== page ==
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Doctoral Dissertation Announcement
Candidate: Denise L. Smith
Doctor of Philosophy
Department: Biological Sciences
Title: Characterization of the AP-1 and NF-kappaB Transcription Factors in the U-87 MG Astrocytoma Cell Line
Dr. Bruce Bejcek, Chair
Dr. John Geiser
Dr. Alex Enyedi
Dr. Cindy Miranti
Date: Thursday, October 23, 2008 1:00 p.m. - 3:00 p.m.
3723 Wood Hall
Growth factors, signaling molecules, and transcription factors are frequently mutated in cancer, and PDGF has been shown to be over-expressed in all glioma grades. In the anaplastic astrocytoma cell line U-87 MG, the over-expression of PDGF has been shown to lead to over-expression of transcription factors AP-1 and NF-κB, and characterization of the individual proteins in each transcription factor was assessed.
Proteins were knocked out using transient RNAi on all proteins, as well as induced stable cell line RNAi for four of the proteins. Western blots showed that each protein was decreased, which demonstrates that each protein was present in these cells and that the RNAi worked. Photomicrographs of the cells were taken revealing that, in all cases, neurosphere formation was absent when the RNAi was present suggesting a role in neurosphere formation and/or maintenance. Cell growth was decreased in all knockouts except JunB and p52 suggesting a role in cell growth and/or anti-apoptosis. Morphological changes, such as greater adherence to the plate, were shown in cells with c-Jun, c-Fos, c-Rel, p52, and p65 knocked out, suggesting a role in anchorage independent growth. Reporter gene assay showed that AP-1 was reduced when all proteins except JunB were knocked out and NF-κB was reduced in varying amounts when all proteins were knocked out, suggesting that all proteins are involved in dimer formation of the transcription factors except JunB.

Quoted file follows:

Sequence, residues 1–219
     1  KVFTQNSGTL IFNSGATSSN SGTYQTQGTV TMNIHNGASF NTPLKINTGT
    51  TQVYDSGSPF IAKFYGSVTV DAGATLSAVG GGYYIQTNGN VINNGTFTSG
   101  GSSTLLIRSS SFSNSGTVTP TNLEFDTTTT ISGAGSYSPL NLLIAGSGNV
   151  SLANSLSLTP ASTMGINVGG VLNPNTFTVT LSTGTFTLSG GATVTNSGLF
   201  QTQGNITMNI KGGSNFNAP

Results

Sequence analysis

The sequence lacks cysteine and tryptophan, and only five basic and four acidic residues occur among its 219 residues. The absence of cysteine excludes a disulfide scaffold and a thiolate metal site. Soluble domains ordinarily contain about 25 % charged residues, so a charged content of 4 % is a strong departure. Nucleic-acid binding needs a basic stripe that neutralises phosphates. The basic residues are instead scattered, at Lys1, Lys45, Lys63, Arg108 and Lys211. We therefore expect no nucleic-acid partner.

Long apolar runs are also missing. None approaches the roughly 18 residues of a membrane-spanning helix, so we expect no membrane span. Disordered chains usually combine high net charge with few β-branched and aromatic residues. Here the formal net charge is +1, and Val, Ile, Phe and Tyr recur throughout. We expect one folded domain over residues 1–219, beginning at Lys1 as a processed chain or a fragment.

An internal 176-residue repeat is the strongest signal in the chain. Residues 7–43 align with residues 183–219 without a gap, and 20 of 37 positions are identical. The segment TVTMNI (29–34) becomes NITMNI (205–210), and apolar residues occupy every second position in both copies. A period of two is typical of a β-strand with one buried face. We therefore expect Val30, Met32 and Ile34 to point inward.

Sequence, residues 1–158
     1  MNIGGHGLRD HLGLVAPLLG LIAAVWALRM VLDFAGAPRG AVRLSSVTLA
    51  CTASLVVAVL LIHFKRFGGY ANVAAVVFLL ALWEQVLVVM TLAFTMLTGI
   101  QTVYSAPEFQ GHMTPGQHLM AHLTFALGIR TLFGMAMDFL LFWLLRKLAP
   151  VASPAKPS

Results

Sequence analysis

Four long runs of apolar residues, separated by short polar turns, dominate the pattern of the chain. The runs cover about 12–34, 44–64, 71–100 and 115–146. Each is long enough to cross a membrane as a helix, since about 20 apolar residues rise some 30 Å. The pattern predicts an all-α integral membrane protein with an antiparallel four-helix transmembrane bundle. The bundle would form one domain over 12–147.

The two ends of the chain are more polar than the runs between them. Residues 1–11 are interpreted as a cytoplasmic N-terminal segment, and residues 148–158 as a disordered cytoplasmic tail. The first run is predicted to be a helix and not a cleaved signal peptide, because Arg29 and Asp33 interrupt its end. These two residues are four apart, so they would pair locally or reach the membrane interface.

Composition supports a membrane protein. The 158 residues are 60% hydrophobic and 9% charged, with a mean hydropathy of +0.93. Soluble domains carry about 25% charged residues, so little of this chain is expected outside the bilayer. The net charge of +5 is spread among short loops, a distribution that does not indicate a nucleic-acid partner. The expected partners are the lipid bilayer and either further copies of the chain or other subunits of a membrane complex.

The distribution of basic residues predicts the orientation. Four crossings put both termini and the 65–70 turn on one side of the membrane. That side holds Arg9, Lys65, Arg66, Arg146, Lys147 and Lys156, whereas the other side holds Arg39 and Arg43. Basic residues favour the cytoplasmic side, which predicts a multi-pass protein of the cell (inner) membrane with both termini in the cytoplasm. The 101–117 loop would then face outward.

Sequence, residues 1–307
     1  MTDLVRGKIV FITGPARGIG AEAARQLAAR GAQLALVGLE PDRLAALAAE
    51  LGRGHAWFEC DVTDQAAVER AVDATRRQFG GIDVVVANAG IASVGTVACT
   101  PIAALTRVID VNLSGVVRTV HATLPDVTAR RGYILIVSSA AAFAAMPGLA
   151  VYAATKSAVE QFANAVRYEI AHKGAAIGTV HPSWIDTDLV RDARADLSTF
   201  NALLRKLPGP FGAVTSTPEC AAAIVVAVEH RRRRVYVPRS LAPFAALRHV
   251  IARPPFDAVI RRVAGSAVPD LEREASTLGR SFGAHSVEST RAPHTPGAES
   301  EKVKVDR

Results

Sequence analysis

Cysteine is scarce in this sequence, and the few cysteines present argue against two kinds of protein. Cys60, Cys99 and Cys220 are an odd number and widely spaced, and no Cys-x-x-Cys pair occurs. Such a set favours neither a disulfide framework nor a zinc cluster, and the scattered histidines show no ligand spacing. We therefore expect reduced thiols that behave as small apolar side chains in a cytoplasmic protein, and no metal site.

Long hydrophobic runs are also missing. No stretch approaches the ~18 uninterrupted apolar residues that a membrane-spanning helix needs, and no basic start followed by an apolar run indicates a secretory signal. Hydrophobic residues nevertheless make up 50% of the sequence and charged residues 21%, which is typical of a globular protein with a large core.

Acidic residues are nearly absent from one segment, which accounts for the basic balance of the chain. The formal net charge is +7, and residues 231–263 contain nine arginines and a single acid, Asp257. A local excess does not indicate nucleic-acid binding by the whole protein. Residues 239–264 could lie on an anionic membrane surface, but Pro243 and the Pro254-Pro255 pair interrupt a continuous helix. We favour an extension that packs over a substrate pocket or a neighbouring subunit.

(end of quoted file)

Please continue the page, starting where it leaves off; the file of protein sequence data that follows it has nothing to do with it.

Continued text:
Further assays were performed on the stable cell lines. Growth assays corroborated the photomicrographs showing that cell growth was decreased when c-Jun, c-Fos, c-Rel and p65 was knocked out. Caspase 3 and 7 levels were elevated as was cleaved PARP showing cell death was via apoptosis. Nestin levels were decreased suggesting that differentiation was occurring in the neurospheres, and neurosphere numbers were decreased in size and number as well as delayed in onset when any of the four proteins were knocked out. These proteins share many of the characteristics of cancer and could provide future therapeutic targets.